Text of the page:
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Even Globular Clusters Have Black Holes
17 September 2002 (All day)
Peer deeply into a star system of any size, and you'll probably find a black hole. That's the lesson from new observations by the Hubble Space Telescope, which has spotted the signs of midsize black holes at the hearts of ancient stellar swarms called globular clusters. The masses of these black holes suggest that some precise but unknown cosmic recipe dictates how large a given black hole will become.
Discoveries during the last 2 decades have unveiled holes of many sizes. The deaths of giant stars in supernova explosions can create black holes with several times the mass of our sun. At the other extreme, galaxies harbor supermassive black holes millions or even billions of times more massive. Last year, x-ray astronomers also found hints of "intermediate" black holes with hundreds to thousands of times our sun's mass in other galaxies (ScienceNOW, 7 June 2001), but they hadn't measured the gravitational pulls of such holes--the best way to confirm their presence and gauge their masses.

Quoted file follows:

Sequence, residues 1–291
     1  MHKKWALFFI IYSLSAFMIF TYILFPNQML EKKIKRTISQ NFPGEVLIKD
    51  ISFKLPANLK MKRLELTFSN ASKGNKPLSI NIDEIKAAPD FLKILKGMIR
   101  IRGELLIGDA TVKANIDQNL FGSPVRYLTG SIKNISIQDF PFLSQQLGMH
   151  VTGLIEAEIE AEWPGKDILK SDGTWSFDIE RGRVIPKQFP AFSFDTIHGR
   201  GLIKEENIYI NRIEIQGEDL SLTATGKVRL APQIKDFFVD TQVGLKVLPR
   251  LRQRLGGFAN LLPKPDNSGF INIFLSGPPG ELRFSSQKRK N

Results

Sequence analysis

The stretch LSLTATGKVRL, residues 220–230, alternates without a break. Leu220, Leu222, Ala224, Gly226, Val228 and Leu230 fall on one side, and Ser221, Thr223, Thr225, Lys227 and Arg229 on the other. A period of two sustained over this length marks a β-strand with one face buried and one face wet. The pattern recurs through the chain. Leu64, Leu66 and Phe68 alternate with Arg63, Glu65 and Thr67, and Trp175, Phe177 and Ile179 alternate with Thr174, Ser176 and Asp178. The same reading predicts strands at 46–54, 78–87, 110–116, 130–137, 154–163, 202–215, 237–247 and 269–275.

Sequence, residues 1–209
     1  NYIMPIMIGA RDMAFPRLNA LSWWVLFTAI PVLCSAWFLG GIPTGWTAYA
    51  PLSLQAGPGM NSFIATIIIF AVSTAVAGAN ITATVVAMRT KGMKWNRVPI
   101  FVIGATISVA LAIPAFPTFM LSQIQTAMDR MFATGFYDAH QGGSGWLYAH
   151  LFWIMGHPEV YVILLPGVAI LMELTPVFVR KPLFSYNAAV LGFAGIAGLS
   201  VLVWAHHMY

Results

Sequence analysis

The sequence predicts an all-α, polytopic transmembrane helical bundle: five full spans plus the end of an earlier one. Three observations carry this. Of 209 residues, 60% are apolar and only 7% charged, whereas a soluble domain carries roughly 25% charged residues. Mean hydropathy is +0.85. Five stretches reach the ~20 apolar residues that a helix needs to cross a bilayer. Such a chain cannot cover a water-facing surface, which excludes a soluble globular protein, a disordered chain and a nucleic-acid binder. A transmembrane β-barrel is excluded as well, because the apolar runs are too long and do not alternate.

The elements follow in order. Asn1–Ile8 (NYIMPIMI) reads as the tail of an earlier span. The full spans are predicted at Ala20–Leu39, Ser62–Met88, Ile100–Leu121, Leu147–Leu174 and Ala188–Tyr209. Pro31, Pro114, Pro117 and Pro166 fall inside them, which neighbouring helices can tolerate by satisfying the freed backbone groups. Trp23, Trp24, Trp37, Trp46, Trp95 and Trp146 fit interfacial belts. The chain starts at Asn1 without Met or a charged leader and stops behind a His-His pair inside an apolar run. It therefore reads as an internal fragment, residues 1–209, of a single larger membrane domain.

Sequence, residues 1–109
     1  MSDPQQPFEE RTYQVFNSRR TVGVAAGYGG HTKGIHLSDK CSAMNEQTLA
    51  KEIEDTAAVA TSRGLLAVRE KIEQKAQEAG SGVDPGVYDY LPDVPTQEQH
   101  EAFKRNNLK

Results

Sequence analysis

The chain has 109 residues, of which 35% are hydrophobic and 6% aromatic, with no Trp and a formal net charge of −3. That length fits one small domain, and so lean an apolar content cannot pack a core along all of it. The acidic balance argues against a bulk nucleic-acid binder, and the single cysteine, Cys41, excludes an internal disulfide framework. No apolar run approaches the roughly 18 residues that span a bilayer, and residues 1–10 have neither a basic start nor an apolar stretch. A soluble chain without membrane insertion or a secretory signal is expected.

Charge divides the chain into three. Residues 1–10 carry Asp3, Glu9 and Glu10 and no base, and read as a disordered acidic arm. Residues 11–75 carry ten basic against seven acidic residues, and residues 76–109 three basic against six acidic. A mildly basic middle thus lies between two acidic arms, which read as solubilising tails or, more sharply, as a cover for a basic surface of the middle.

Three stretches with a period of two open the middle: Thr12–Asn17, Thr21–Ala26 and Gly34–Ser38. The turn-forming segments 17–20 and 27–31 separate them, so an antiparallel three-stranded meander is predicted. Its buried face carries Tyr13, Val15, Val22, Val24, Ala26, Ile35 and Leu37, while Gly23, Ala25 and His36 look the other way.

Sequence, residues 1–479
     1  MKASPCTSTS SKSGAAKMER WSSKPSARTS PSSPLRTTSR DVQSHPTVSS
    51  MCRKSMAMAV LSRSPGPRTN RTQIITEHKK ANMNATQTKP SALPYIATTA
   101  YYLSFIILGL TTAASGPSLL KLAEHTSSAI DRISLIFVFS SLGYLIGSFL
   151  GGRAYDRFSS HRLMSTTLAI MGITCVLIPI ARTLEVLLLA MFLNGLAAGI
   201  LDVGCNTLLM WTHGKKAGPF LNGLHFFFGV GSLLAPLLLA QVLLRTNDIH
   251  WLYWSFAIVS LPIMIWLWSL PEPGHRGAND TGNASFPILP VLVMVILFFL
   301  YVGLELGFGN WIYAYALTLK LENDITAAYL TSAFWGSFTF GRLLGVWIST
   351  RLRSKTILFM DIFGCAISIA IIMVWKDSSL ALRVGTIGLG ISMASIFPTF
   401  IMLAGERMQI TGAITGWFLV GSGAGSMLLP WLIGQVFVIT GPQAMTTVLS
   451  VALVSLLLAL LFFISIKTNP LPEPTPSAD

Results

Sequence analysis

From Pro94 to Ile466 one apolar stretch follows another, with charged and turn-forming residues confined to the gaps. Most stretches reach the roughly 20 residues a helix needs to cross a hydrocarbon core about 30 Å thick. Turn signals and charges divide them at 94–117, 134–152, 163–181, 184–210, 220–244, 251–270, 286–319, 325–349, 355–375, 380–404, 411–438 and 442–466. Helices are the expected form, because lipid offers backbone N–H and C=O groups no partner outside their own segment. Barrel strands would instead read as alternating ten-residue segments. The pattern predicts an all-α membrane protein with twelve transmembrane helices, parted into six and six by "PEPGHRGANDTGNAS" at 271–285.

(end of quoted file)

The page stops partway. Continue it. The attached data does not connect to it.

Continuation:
Now, Hubble has done just that for two globular clusters: M15, in our Milky Way, and G1, in the nearby Andromeda galaxy. The clusters are tight knots of hundreds of thousands to millions of stars that orbit around galactic centers like moths around a streetlamp. Two research teams used Hubble's sharp vision to spy stars moving at the cores of the clusters. The rapid motions could arise only from the strong gravity of hidden objects: black holes with 4,000 solar masses in M15 and 20,000 solar masses in G1. Astronomers announced the results on 17 September at NASA Headquarters in Washington, D.C.
Astronomers had long debated whether globular clusters were massive enough for black holes to form, either when the clusters condensed in the early universe or when gas and stars accumulated at their cores. Curiously, the fraction of each cluster's mass that resides in the black hole--about 0.5%--is the same ratio seen for supermassive black holes in the central bulges of giant galaxies. "Whenever you see such a perfect relationship in astronomy, there's almost always an underlying cause," says astronomer Karl Gebhardt of the University of Texas, Austin, a member of both research teams. However, it's not yet clear whether all black holes and their host star systems are born with that half-percent ratio, or whether they grow at the same rate over time. Nor do astronomers know whether all globular clusters house black holes today, or whether many lost theirs when gravitational jostling at their crowded hearts flung the holes into space.